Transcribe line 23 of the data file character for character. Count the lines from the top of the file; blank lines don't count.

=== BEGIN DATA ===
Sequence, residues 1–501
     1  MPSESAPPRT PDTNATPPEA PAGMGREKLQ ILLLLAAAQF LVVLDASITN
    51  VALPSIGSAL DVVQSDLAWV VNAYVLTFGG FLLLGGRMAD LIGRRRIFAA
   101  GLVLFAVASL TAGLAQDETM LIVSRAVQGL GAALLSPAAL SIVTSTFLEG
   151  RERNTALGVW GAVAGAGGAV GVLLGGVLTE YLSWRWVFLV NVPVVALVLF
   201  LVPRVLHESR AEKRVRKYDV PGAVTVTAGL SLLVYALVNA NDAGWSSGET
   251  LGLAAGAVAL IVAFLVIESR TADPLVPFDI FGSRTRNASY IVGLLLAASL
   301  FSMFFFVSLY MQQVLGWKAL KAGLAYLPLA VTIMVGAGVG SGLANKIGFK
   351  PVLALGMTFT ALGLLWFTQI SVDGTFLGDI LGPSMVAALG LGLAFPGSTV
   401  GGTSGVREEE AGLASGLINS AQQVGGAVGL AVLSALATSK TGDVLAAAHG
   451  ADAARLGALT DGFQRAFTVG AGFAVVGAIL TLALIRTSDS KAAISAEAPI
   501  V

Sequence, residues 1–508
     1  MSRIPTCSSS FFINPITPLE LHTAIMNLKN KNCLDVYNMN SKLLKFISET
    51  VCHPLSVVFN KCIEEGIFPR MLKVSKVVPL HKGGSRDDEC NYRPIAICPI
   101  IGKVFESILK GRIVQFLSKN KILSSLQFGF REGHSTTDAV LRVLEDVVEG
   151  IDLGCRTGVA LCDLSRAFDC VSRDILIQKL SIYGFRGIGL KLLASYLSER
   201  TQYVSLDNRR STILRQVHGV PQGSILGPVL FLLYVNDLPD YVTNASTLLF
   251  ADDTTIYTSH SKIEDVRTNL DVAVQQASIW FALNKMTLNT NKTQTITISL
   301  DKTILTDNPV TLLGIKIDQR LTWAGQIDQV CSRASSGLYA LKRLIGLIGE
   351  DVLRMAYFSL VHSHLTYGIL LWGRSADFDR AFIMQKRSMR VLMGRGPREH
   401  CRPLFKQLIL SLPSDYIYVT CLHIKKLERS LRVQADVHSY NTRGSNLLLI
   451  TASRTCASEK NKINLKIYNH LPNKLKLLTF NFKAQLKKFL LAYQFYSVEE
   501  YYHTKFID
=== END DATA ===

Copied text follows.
   451  TASRTCASEK NKINLKIYNH LPNKLKLLTF NFKAQLKKFL LAYQFYSVEE